Remarkably, and we will argue importantly, the airborne fraction has declined since 2000 (figure 3) during a period without any large volcanic eruptions… The airborne fraction is affected by factors other than the efficiency of carbon sinks, most notably by changes in the rate of fossil fuel emissions (Gloor et al 2010). However, it is the dependence of the airborne fraction on fossil fuel emission rate that makes the post-2000 downturn of the airborne fraction particularly striking. The change of emission rate in 2000 from 1.5% yr-1 to 3.1% yr-1 (figure 1), other things being equal, would have caused a sharp increase of the airborne fraction (the simple reason being that a rapid source increase provides less time for carbon to be moved downward out of the ocean’s upper layers).

A decrease in land use emissions during the past decade (Harris et al 2012) could contribute to the decreasing airborne fraction in figure 3, although Malhi (2010) presents evidence that tropical forest deforestation and regrowth are approximately in balance, within uncertainties. Land use change can be only a partial explanation for the decrease of the airborne fraction; something more than land use change seems to be occurring.

We suggest that the huge post-2000 increase of uptake by the carbon sinks implied by figure 3 is related to the simultaneous sharp increase in coal use (figure 1). Increased coal use occurred primarily in China and India… Associated gaseous and particulate emissions increased rapidly after 2000 in China and India (Lu et al 2011, Tian et al 2010). Some decrease of the sulfur component of emissions occurred in China after 2006 as wide application of flue-gas desulfurization began to be initiated (Lu et al 2010), but this was largely offset by continuing emission increases from India (Lu et al 2011).

We suggest that the surge of fossil fuel use, mainly coal, since 2000 is a basic cause of the large increase of carbon uptake by the combined terrestrial and ocean carbon sinks… Sulfate aerosols from coal burning also might increase carbon uptake by increasing the proportion of diffuse insolation, as noted above for Pinatubo aerosols, even though the total solar radiation reaching the surface is reduced…

Reduction of the net human-made climate forcing by aerosols has been described as a ‘Faustian bargain’ (Hansen and Lacis 1990, Hansen 2009), because the aerosols constitute deleterious particulate air pollution. Reduction of the net climate forcing by half will continue only if we allow air pollution to build up to greater and greater amounts.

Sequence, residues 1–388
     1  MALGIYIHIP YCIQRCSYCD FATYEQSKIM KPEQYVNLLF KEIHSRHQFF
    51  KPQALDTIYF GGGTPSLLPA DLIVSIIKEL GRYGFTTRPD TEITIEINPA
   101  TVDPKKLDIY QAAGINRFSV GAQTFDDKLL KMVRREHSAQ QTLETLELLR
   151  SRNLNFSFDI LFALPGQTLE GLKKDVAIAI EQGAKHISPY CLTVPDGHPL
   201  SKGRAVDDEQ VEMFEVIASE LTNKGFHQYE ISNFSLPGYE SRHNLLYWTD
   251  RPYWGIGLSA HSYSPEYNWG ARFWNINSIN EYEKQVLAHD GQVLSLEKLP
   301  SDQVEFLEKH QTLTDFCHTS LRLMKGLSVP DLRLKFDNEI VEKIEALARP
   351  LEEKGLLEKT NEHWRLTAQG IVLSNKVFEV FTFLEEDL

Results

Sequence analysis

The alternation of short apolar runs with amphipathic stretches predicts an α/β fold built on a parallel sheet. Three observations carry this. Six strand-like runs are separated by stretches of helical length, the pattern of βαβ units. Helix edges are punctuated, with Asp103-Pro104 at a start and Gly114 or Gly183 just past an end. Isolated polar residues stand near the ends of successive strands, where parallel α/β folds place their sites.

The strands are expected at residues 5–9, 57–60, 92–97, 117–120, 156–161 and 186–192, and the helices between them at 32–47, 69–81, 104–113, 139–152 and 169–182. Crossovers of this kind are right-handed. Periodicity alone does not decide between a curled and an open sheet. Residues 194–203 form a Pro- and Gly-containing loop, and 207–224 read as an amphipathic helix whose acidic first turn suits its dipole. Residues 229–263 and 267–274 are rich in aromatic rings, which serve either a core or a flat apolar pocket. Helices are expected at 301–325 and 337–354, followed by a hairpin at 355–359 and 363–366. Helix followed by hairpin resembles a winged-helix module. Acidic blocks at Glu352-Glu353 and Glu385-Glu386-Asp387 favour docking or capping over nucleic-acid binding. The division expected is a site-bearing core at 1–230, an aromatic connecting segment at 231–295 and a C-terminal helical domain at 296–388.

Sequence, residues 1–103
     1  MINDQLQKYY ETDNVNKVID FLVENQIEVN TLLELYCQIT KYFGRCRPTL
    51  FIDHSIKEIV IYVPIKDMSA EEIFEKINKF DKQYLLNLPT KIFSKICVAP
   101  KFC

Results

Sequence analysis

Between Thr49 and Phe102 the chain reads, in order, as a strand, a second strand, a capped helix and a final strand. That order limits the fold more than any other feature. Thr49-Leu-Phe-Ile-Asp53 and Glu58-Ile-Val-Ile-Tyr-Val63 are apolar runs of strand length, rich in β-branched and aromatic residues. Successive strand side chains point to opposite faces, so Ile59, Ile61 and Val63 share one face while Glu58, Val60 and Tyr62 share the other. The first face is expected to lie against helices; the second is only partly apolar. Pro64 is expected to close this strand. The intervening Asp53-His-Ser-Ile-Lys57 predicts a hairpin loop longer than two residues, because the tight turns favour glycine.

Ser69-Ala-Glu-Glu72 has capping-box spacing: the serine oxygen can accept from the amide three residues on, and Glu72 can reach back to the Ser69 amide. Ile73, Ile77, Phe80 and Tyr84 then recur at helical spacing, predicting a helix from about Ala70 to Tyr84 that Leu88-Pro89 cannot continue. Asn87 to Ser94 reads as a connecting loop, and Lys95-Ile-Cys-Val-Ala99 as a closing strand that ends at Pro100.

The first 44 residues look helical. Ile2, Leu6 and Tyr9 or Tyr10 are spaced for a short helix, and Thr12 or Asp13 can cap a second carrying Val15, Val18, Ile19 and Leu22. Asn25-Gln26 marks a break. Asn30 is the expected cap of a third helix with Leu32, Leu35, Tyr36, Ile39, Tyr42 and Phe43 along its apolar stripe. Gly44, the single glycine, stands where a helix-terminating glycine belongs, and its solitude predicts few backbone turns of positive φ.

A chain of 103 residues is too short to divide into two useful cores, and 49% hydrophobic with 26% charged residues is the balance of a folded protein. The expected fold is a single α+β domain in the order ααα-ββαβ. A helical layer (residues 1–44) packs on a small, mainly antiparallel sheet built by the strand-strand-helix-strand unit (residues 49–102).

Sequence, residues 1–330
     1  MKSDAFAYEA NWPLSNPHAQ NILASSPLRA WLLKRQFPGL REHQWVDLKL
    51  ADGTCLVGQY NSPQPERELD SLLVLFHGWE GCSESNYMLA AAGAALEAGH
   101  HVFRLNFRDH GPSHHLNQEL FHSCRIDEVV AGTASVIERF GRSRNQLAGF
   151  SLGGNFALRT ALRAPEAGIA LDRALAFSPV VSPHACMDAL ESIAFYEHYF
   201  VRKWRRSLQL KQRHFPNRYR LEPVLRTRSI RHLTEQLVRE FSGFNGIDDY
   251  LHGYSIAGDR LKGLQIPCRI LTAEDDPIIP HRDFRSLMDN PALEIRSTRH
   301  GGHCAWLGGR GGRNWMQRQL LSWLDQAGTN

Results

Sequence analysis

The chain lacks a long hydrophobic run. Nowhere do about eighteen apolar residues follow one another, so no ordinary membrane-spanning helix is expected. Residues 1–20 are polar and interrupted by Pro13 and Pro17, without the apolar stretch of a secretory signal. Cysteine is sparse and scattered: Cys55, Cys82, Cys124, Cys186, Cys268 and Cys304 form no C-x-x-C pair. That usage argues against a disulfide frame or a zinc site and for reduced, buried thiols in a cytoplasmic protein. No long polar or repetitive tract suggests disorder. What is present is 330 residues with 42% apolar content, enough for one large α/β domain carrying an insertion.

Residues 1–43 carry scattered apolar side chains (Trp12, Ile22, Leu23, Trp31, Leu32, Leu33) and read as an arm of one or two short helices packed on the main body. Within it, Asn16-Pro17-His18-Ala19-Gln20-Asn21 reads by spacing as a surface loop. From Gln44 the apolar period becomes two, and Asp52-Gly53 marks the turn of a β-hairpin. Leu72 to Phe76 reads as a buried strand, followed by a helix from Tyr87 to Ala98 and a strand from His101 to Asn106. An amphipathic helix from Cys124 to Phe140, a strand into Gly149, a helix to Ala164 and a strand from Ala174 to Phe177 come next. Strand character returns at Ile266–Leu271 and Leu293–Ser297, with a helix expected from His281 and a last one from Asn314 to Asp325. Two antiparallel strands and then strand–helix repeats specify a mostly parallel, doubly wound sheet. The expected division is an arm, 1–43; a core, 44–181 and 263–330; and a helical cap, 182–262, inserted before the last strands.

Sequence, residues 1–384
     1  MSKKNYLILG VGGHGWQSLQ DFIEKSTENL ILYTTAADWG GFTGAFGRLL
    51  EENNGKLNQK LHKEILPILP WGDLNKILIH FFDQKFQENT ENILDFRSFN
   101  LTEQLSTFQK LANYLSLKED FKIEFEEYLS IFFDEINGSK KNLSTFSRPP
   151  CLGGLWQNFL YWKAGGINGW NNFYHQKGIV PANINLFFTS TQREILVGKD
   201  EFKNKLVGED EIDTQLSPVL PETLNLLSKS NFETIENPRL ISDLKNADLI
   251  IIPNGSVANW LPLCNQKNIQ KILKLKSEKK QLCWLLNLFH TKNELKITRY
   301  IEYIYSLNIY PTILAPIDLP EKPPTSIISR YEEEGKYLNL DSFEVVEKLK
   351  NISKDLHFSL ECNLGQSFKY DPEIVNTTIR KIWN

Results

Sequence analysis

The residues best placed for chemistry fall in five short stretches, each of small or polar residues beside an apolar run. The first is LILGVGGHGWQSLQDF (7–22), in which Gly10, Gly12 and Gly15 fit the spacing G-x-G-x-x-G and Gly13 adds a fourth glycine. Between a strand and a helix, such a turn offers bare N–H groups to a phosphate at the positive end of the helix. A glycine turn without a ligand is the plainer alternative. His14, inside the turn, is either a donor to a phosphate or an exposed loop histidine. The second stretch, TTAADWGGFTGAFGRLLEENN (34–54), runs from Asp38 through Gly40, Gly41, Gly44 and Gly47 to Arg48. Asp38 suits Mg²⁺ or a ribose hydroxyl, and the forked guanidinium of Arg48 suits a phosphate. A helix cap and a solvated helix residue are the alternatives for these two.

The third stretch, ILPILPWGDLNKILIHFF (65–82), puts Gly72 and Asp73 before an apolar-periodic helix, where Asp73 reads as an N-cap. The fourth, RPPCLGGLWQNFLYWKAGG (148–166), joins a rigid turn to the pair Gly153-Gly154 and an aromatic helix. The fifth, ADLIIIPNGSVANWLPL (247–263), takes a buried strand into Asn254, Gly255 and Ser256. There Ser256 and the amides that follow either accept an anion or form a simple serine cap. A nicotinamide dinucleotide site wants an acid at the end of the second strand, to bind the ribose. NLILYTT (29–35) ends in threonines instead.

Let’s review.  The airborne fraction carbon dioxide has fallen since 2000.  And, as a result, global temperatures did not rise as projected.  Even though there were no large volcanic eruptions.  Which cause global cooling.  Tropical forest deforestation and re-growth are balancing each other out.  So that’s not a factor in this decline of airborne carbon dioxide.  Which leaves the sole remaining answer for the decline in airborne carbon dioxide levels as China’s and India’s explosion in new coal-fired power plants.  Yes, the wonderful air pollution from burning coal apparently cools the planet.  Like a volcanic eruption does.

Are you seeing the bigger picture here?  For a hundred years or so the Industrial Revolution belched so much ash, soot, smoke, carbon dioxide and sulfur dioxide into the air that it left black clouds over cities.  And a layer of soot and ash on everything.  This is why we electrified trains in our cities.  To keep coal-fired locomotives and their great black plumes of smoke out of the cities.  Was there a global warming problem then?  No.  That didn’t come into vogue until Al Gore started talking about it in the Nineties.  When the planet was doomed if we didn’t act immediately to reduce greenhouse gas emissions.  Despite only a few years earlier the climate scientists were warning us of the coming ice age.  Probably because of all that global cooling from our coal-fired power plants, steam engines and locomotives.

As oil, gas and electricity replaced coal-fired boilers everywhere (we even used coal in our home furnaces) all that pollution from coal went away.  And then came the Nineties.  And catastrophic global warming.  Just as China and India began to incorporate some capitalism into their economies.  Which they fed with electricity provided by more and more coal-fired power plants.  And as they belched all that wonderful pollution into the air the airborne fraction of carbon dioxide as well as global temperatures fell.  So I ask again, do you see the bigger picture here?

Yes, global warming is man-made.  At least this is what one can conclude from this paper.  And it is the climate scientists who made it.  By telling us to reduce all of the cooling emissions from our coal-fired power plants.  But, thankfully, the Indians and the Chinese still care enough about Mother Earth to pump those cooling emissions into the air.  And gave us a reprieve from the global warming apocalypse.  But if the climate scientists get their way they’ll bring on that apocalypse.  By pressuring China and India to stop putting those cooling emissions into the air.  And for the sake of the planet we can only hope that they don’t succumb to that pressure.